Tuesday, June 24, 2014

Notes From The Country - Bloom Where You Are Planted

A rose by any other name would smell as sweet, and, taste as sweet! All my roses are in bloom. I love old fashioned roses, the aromas, the petals, the soft colors

and for the 3 weeks or so that most of them shine here, I make the most of them. They amaze me - their complex beauty, their journey from bud to full bloom. Their fragrance at different stages. Little miracles.

They all have such vastly different characteristics if you look closely.

I often pick just one of each every few days and put them in miniature vases or bowls. So lovely, and useful. They make me happy. I make rose petal vinegars, flavored sugar or honey, freeze them in ice cubes, or  make jam.

This year I came across a monastery rose petal jam recipe. I had to try it because so many of my roses have a history hearkening back to those monastery days with monks tending the herbs, flowers, and vegetables, and putting them all to use in food, jam, and wine! This link provides some good instruction on the process. It was fun to make because you massage the rose petals with sugar until it becomes a paste and the smell is intoxicating. (Aside from exacerbating my current, severe grass allergies. But it was totally worth it!)

Every time you take a taste it's like being transported to a rose garden on a hot summer day - complete with stone walls, pergolas, gently cascading fountains, butterflies and big, lazy bumblebees, harp music playing gently in the background, and there are the monks tending the basil and lavender, and the knights are practicing their sword fighting skills by the hedgerow....What?? I don't know what your rose gardens look like but mine are positively medieval...

Rose petal jam ingredients: Apothecary roses, Alba Maxima roses, Loiuse Odier roses, La Reine Victoria roses, William Baffin roses, Belle de Crecy roses, Madame Hardy roses, sugar, water, lemon, patience and time.

My Apothecary rose notes from last year -June 2013

Speaking of monks and such, I made one of my favorite breads last week. This is Straun bread. It hails from this cookbook, called Brother Juniper's Bread Book. It contains cooked brown rice, rolled oats, cornmeal, and wheat bran among other things and you can substitute different grains you may have on hand. It's light and flavorful and I could happily eat it everyday. Chef  Peter Reinhart is quite the authority on bread baking, and, he joined a Christian order as a brother when he was 24. His thoughts on spirituality, knowledge and understanding, and bread making are very interesting. You can read his thoughts here in this interview. Who knew that baking bread could be so profound!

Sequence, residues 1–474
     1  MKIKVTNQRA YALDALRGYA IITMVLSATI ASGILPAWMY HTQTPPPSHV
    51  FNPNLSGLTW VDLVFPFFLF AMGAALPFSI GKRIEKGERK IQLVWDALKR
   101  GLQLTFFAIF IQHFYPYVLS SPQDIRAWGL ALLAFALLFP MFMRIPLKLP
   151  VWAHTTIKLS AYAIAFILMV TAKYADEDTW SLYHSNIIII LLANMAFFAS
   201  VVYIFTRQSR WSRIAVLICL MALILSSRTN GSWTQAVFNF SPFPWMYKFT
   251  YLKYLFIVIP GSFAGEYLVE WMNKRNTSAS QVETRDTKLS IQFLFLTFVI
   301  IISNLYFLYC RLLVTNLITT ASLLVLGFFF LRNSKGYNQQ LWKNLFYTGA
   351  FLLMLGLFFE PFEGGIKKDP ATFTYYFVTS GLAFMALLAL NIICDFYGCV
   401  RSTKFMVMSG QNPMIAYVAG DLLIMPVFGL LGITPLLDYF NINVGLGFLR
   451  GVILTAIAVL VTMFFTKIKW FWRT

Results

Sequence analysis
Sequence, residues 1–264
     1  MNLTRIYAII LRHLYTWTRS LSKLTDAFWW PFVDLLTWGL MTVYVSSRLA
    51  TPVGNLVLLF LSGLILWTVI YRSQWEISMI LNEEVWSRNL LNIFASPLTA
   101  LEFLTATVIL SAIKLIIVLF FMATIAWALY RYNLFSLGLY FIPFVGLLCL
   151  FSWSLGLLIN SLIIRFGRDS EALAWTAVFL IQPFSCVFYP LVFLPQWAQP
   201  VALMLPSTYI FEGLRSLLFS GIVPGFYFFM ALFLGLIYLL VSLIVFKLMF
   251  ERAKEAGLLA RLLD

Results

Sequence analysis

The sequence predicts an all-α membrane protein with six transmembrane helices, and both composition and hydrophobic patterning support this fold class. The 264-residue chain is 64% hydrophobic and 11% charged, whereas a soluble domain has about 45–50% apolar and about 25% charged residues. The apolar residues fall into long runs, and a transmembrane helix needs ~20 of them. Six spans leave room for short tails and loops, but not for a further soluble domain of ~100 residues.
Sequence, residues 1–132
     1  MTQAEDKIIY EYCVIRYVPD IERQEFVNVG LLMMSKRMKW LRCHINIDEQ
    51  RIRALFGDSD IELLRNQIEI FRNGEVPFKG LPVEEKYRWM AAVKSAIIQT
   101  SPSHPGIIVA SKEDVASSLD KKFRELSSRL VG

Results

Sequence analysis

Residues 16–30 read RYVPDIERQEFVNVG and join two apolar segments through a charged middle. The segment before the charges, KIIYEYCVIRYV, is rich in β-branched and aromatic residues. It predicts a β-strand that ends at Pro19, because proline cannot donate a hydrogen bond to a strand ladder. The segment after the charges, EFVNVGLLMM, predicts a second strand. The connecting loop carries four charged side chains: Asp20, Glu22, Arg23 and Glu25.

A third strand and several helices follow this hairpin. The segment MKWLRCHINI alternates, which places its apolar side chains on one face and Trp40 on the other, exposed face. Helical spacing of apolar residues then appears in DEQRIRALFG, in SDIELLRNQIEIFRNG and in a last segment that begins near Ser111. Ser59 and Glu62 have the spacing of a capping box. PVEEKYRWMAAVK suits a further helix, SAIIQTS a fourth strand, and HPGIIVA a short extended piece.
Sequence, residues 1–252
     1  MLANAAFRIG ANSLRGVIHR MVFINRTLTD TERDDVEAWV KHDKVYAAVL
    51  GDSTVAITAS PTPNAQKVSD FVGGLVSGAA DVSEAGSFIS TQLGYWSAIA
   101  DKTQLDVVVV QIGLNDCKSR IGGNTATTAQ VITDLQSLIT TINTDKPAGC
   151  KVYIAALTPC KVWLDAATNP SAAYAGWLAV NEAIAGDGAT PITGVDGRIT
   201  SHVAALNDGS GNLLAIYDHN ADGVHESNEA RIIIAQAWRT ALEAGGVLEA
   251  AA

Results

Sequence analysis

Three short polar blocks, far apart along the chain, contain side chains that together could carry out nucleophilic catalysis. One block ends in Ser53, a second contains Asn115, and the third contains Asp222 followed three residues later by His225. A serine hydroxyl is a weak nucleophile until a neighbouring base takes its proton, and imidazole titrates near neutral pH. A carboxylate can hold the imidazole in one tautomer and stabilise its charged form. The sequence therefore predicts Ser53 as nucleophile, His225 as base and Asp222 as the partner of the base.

The best thing to go with homemade bread is homemade jam, and, since my rhubarb was ready, I had to go with Strawberry Rhubarb jam. (Alas, not my strawberries)

I used the recipe from this book that graces my cookbook shelves. I love Jessie's story and her blog. She's totally Rurally Screwed - in a good way. The jam recipe from this book has far less sugar than a typical jam recipe, and no store bought pectin. I used less rhubarb than the recipe called for - about a third less, and I pulsed my strawberries and rhubarb in the food processor first because I do not like big chunks of fruit in my jam. Because of the longer cooking time (without the pectin addition), and much less sugar, this jam has a more intense fruit taste instead of a sweet, sugary taste. In other words, delicious! If you like strawberries. And rhubarb. Which I do.

I also made elder flower lemonade because the elder flowers are in their prime, and I happened upon a recipe while browsing. What?? Don't you Google elder flower recipes?  Honestly, after making elder flower cordial last summer and the lemonade this, I realize I am not an elder flower fan.To me it tastes too weedy - and not in a good way. That's just me. By all means go harvest all your elder flowers, shake the bugs out, follow one of the recipes for wine, syrup, cordial or lemonade on the Internet and go for it. 

All the above goodness I made in one day. Why? Well, this. The pastures are blooming. The breeze is blowing. And I'm hiding indoors with the filtered, moist air of the swamp cooler. I never had allergies growing up in The City, however, over time here I developed pasture grass and corn pollen allergies (so said the allergist). Oddly enough, I live in the country surrounded by pastures and corn fields. Yeah. The thing is we've been gone for the worst part of my allergy season over the past few years in my dream heaven know as South Beach, Miami. Circumstances prevented our June trip this year and I am once again feeling the full brunt of my surroundings. I try to go outside only twice a day right now. Feed the animals, collect eggs, water plants, pick a few weeds, listen to the birds, and pick roses and other flowering things. Then I run back inside, rinse out the sinuses and eyes, change clothes and try to recover. My day full of jam making and such was a lovely, indulgent way to celebrate the beginning of summer indoors. You know, "bloom where you are planted", "find the joy in the present" and all that...  

Oh, by the way, Miami here we come!!!!!  Let's celebrate!  I made this cocktail at the end of my jam making day, with Vodka (only the best please), a dash of homemade bitters from last summer, and a smidgen of rose petal paste before cooking it into jam, shaken until icy cold - with little rosy ice crystals floating on top. It was quite refreshing with a hint of knightly sweetness. 

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